Instead, you need to use the technique Raging Fist (forward, backward, forward). This actually hits for less damage than Aurablast, but it destroy’s Vargas right in his self-esteem. Devastated that dear ol’ dad taught Sabin this move but not Vargas, he crumbles and you instantly win the battle.
OK, cool. Dramatic intro to a new character, and an interesting way to introduce a new mechanic. Unfortunately, Square sort of bungles it here. This is an opaque, unintuitive conclusion to the battle; even if you take out the Ipoohs and Vargas perfectly, the second phase of the fight can cause you to lose simply for not knowing what to do or how to perform an action that isn’t explained, demonstrated, or presented in-game until your time has almost run out.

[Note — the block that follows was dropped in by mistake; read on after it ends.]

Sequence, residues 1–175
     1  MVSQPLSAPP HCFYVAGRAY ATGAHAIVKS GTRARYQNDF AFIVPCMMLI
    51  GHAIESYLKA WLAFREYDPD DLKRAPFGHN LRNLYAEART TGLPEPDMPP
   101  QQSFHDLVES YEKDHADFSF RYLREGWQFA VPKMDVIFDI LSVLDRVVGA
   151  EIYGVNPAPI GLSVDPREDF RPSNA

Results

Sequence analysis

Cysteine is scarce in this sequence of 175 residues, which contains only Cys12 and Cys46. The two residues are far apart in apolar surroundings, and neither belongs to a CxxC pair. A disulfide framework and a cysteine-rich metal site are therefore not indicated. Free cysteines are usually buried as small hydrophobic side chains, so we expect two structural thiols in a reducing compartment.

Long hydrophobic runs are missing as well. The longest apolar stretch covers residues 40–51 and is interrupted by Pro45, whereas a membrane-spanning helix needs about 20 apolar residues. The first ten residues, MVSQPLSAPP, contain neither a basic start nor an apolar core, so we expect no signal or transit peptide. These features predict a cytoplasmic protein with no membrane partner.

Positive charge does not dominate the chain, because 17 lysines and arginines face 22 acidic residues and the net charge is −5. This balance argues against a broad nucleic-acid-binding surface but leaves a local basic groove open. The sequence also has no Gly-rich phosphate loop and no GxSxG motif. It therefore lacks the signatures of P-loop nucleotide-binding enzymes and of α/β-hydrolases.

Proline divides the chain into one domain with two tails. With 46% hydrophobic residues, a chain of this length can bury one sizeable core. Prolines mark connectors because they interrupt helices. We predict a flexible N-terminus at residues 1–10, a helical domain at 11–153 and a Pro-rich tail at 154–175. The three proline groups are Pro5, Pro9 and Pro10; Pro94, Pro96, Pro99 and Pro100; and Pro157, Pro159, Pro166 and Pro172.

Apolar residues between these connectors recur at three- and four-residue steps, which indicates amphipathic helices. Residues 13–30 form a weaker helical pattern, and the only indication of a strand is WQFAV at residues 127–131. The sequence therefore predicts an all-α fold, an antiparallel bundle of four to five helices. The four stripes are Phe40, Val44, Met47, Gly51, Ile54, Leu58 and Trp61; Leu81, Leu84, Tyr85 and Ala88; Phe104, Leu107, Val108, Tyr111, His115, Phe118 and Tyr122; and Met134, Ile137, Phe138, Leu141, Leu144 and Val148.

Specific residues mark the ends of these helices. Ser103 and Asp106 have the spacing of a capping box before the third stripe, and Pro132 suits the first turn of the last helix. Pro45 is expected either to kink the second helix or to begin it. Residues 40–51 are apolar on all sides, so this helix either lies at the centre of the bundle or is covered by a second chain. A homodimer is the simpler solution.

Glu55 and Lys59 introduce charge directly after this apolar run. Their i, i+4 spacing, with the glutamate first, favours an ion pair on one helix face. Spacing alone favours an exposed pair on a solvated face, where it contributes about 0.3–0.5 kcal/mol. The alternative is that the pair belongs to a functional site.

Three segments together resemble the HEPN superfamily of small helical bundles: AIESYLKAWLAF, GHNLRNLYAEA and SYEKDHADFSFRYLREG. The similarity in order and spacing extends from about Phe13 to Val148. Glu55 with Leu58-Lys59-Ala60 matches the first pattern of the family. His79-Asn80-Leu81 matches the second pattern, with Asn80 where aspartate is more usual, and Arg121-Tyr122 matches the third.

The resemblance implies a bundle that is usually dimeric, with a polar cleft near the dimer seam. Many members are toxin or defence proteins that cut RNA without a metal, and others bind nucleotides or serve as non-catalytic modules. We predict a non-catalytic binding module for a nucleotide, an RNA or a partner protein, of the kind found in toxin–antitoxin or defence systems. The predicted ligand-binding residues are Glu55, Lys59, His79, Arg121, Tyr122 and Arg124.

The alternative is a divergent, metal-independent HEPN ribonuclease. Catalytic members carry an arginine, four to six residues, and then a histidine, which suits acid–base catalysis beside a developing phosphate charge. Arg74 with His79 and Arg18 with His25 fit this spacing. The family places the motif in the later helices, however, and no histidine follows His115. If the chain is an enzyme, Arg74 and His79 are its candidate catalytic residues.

Not only that, it represents the first-ever change of input modality in a Final Fantasy game. Until this point, not only FFVI but the franchise as a whole has operated through menu-based actions. Blitzes, however, work with fighting game button combos. This is not explained in-game until Doom Fist runs down to around 20 seconds. Even then, it’s hard to intuit the precise method of using Blitzes, including the fact that you finish them off with an unprompted press of the confirmation button. You reach a story point in a boss fight that expects you to perform an unknown action in a style you’ve never seen before, at which point you’re expected to figure out how this new command technique works with enough time for two or three before your timer runs out. Frankly, it sucks.